Check out Tvashtar volcano on Io seen spewing molten material into space, as seen from New Horizons probe in 2007. Io experiences massive tidal forces from Jupiter’s gravity and this kind of volcanic eruption is not uncommon for Jovian moons. For a sense of scale, the volcanic plume is about 330 Km in altitude. New Horizon was built by John Hopkins Applied Phyisics Lab for a mission to Pluto. This photo was taken when it flew past Jupiter for a slingshot course correction towards Pluto.
Earlier this month the close conjunction of the two brightest planets Venus & Jupiter was observed all over the world. The planets came so close to each other that they were visible in the field of view of a telescope. The two planets will still be close together as they move into the morning sky, where both will meet-up with Mars later this year.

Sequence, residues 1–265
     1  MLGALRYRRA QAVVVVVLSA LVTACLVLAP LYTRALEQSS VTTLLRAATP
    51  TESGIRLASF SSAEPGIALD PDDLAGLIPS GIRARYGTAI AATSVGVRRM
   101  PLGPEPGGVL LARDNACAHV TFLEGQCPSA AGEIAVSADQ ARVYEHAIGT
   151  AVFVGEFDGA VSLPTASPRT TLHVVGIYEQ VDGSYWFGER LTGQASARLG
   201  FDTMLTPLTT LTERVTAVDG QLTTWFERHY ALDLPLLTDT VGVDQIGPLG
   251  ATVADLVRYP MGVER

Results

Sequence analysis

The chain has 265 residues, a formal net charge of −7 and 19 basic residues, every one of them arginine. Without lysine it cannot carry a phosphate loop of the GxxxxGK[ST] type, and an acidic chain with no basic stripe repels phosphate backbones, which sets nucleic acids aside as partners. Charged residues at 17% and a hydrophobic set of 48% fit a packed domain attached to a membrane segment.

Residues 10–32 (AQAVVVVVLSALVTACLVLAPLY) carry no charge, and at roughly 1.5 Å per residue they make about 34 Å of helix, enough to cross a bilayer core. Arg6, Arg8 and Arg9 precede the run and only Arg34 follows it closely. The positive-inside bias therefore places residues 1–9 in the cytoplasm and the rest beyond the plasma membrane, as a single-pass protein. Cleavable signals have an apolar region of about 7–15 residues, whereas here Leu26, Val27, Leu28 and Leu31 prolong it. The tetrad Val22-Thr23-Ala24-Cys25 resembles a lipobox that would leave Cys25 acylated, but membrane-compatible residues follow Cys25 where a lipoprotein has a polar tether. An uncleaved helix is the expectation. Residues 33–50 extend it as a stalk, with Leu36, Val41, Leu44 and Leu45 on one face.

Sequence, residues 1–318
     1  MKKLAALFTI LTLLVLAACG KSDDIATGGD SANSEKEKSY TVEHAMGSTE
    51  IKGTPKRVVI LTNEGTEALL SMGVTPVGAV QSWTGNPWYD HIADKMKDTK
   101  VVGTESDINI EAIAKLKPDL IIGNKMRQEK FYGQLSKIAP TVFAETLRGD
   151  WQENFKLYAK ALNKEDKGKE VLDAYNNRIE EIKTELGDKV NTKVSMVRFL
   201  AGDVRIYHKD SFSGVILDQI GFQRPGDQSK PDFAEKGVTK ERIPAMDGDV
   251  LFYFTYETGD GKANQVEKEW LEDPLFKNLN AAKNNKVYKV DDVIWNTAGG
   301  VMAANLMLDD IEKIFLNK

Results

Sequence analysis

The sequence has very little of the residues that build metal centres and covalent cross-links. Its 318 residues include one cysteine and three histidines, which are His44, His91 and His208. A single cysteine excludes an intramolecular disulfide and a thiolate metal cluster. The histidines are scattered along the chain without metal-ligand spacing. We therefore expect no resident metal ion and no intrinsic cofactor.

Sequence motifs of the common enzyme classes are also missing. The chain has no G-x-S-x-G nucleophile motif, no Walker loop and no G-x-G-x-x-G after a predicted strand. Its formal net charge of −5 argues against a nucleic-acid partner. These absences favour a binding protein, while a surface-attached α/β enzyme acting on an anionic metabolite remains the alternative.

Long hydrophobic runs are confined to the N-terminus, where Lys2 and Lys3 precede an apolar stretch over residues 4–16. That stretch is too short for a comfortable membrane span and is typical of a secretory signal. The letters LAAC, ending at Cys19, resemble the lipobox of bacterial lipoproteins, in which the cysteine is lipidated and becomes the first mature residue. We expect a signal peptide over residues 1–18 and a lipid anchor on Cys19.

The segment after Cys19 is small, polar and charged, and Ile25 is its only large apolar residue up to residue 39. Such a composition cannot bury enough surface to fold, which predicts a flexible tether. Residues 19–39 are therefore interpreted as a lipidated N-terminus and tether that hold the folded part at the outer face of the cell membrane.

This Sunday Noon, let’s take a look at how the planets are moving in their orbits and what face and size do they present to the observers on the Earth in the remaining 2015. We will also look at other great observations that you can make this year like the Geminids Meteor Shower, Occultation of Aldebaran by Moon.
Sunday Noon at the Planee
Dance of the Planets
Date – 26 July 2015,
Time – 12:30 pm,
Duration 90 minutes,
Venue- AAAD room at the Planetarium.
See you at the Planee!
Greetings Fellow Earthlings
Tonight step outside the house for a change and look West at sundown. You’ll be greeted with a spectacular planetary pair of Jupiter and Venus almost hugging each other in a nice visual conjunction. Kind of ironical considering Jupiter is God of War, and Venus is the God of Loveeee. This treat will continue for a few days so do not worry if you’re sitting under the clouds right now.
Sky and Telescope astronomy magazine suggested that the event closely resembles the Star of Bethlehem which, according to Christian tradition, revealed the birth of Jesus to the Biblical Magi, and later led them to Bethlehem.